3 Stocks Lagging in the Dow's Monster Quarter

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Wow! What a quarter. All three major indexes came out swinging and had impressive gains marked by surprisingly little volatility. Given the seemingly daily questions regarding Greece defaulting (technically yes), the domestic economy finally recovering (a strong maybe), and Linsanity's sustainability (resoundingly on hold), what we've seen is astonishing.

With that in mind, let's take a closer look at how the major indexes closed the first quarter and then take a closer look at three Dow components whose underwater performance over the past several months muted the index's broader returns.

Index

Gain / Loss

Gain / Loss %

Ending Value

Dow Jones Industrial Average (INDEX: ^DJI) 51.990.40%13,197.81
Nasdaq (INDEX: ^IXIC) 3.800.12%3,099.16
S&P 5004.990.36%1,408.27

Source: Yahoo! Finance.


These are historical returns. The Nasdaq saw its best performance since 1991. That's right; not even the go-go dot-com boom of the late '90s that propelled the index above 4,500 saw a three-month stretch that topped the opening quarter of 2012. Not to be left out of the record books, the Dow and S&P 500 both notched their largest percentage gains since 1998 and their largest first-quarter points gains since, well, ever. The average Dow component turned in a gain of 11.2%, but several companies fared significantly worse.

So which companies were responsible for dragging down the Dow in 2012? It's actually a fairly diverse group that includes a telecom, an embattled tech legend, and a fast-food icon. Let's tackle the worst performer first.

Hewlett-Packard (NYS: HPQ) has been in turmoil ever since the Mark Hurd scandal broke. Board dysfunction, the Autonomy purchase debacle, the pump-fake sale of its PC division, and the failed 11-month tenure of Leo Apotheker as CEO -- including his bizarre TouchPad decisions -- all combined for a disastrous stock performance. Not so shockingly, HP continued last year's 38% decline with an additional 7% shaved off in 2012. Things may be stabilizing for the company in the interim, but investors need to get a better sense of Meg Whitman's stewardship. She recently revealed a reorganization plan that has the printer and PC lines merging to cut costs and promote innovation. HP needs to show positive momentum soon, or it will find itself increasingly marginalized in today's rapidly changing environment.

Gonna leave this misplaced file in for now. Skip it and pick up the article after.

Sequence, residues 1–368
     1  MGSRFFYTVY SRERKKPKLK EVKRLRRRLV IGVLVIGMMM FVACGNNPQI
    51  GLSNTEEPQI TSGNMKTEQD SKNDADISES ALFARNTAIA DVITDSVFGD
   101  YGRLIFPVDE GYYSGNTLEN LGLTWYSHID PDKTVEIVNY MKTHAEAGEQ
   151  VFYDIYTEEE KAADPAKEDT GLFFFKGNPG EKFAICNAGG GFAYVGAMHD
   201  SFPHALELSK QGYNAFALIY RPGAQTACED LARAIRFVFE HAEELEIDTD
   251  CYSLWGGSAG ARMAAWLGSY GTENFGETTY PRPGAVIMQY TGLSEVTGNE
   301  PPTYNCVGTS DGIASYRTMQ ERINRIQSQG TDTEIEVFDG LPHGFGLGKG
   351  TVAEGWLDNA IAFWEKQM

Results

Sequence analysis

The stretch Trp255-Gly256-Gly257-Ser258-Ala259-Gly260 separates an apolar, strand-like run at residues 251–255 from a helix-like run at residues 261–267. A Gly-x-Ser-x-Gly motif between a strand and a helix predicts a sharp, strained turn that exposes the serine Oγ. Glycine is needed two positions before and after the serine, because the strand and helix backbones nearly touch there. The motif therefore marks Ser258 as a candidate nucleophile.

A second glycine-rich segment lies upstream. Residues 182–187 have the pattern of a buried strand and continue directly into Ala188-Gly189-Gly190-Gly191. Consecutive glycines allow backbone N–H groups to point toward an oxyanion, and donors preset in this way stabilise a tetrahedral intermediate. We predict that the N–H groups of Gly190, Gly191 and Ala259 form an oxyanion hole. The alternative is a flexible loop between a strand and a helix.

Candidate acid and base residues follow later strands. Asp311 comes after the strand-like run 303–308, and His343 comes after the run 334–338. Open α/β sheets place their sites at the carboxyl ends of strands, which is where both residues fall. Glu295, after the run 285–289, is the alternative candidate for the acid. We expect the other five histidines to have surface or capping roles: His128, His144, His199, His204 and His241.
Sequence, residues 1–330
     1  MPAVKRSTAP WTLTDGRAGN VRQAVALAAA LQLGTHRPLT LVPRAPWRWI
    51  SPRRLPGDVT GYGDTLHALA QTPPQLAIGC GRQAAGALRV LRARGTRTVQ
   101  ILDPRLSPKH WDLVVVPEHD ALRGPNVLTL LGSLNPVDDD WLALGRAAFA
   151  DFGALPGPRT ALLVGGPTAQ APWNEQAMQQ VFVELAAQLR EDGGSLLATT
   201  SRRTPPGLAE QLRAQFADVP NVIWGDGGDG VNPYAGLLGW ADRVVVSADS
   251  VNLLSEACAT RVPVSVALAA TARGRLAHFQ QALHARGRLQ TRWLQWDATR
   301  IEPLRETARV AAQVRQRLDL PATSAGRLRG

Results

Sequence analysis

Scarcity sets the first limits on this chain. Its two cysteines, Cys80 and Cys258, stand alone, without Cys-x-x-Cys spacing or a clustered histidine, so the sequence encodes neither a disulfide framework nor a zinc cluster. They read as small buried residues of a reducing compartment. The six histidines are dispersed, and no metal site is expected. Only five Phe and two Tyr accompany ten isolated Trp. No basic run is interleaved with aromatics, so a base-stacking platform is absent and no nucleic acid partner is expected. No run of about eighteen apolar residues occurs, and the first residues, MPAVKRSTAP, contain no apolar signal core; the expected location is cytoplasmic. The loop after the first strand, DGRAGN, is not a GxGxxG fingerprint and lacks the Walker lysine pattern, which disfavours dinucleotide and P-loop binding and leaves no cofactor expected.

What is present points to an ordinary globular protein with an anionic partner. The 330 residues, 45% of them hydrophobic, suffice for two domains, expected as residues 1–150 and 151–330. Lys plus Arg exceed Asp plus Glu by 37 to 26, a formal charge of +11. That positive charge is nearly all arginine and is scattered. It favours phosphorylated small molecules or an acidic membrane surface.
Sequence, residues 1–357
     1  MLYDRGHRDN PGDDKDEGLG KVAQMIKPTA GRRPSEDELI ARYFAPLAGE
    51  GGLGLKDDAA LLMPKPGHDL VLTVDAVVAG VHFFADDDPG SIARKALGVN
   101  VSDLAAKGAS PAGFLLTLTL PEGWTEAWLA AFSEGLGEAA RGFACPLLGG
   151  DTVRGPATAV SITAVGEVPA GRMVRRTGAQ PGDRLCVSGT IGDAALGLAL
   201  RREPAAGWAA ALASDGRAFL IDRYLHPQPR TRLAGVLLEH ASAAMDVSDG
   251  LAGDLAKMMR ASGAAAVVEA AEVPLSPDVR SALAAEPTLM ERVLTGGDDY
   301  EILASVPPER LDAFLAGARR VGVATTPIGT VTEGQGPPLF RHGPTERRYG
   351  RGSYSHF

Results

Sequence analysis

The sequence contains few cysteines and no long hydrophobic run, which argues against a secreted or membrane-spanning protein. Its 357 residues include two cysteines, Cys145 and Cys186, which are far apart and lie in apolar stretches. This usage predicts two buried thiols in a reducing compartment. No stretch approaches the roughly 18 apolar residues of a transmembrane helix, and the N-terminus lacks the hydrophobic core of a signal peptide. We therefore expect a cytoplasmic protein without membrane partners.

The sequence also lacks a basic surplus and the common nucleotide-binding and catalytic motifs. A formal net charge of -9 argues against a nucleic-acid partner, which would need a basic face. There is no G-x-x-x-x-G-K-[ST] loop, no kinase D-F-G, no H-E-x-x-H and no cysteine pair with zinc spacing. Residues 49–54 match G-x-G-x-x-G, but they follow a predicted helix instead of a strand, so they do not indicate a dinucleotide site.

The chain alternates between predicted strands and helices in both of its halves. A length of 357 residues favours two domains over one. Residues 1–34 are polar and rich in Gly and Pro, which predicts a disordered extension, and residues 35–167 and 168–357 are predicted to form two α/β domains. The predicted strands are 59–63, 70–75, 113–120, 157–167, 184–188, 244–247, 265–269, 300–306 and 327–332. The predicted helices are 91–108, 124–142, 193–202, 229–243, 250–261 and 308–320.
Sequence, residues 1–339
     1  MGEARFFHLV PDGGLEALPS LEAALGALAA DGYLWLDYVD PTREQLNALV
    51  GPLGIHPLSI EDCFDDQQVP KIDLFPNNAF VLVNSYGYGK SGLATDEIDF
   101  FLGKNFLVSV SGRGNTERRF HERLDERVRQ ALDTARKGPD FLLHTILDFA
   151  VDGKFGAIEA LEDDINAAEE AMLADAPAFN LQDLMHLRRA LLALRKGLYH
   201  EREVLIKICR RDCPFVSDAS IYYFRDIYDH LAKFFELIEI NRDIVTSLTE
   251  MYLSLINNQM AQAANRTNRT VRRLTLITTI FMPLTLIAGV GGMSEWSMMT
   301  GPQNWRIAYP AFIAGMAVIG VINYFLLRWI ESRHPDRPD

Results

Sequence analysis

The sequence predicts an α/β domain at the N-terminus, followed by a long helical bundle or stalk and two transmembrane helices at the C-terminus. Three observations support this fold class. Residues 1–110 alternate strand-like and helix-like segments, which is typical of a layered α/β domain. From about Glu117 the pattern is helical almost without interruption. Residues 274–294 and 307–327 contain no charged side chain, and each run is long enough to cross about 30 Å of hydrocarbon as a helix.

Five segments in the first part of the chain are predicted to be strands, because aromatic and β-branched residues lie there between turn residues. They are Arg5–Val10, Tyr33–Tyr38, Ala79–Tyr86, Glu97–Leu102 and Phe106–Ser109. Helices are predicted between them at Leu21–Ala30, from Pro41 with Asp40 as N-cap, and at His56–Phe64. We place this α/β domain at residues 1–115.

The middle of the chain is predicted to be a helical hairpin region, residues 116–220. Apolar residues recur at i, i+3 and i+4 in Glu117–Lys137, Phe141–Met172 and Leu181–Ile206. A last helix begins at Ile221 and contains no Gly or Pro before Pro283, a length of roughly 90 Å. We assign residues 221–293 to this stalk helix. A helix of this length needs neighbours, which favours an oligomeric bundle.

Verizon (NYS: VZ) has struggled this year from a stock-performance standpoint; subsidizing iPhone sales has compressed margins. But the company has a lot of things going for it. It dodged a bullet when AT&T wasn't allowed to merge with T-Mobile and has also been aggressively purchasing wireless spectrum. Free cash flow growth has been challenging, but Verizon is certainly faring better than its peers. But it will need to better leverage its strong market position and potentially wrestle back some control from handset makers if it really wants to see shares soar going forward.

Fast-food purveyor McDonald's (NYS: MCD) rounds out the top three with a minor 2.2% decrease in shares over the past three months. The company's 31% gain led all Dow components in 2011, so it isn't surprising to see shares take a breather in 2012 after that tremendous run. European sales disappointed for February, arresting the stock's momentum, and a CEO change could mean a shifting in fortunes following the tremendous stewardship of Jim Skinner. However, newcomer Don Thompson was responsible for several winning initiatives, including the margin-expanding McCafe line, so McDonald's does appear that it will be in good hands. While the Golden Arches seems to have lost its golden touch this year, McDonald's is still a strong business with a great brand, and investors shouldn't write it off just because of this latest downturn.

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At the time this article was published David Williamsonholds no position in any company mentioned. Check out hisholdings and a short bio.Motley Fool newsletter serviceshave recommended buying shares of McDonald's. The Motley Fool has adisclosure policy. We Fools don't all hold the same opinions, but we all believe thatconsidering a diverse range of insightsmakes us better investors. Try any of our Foolish newsletter servicesfree for 30 days.

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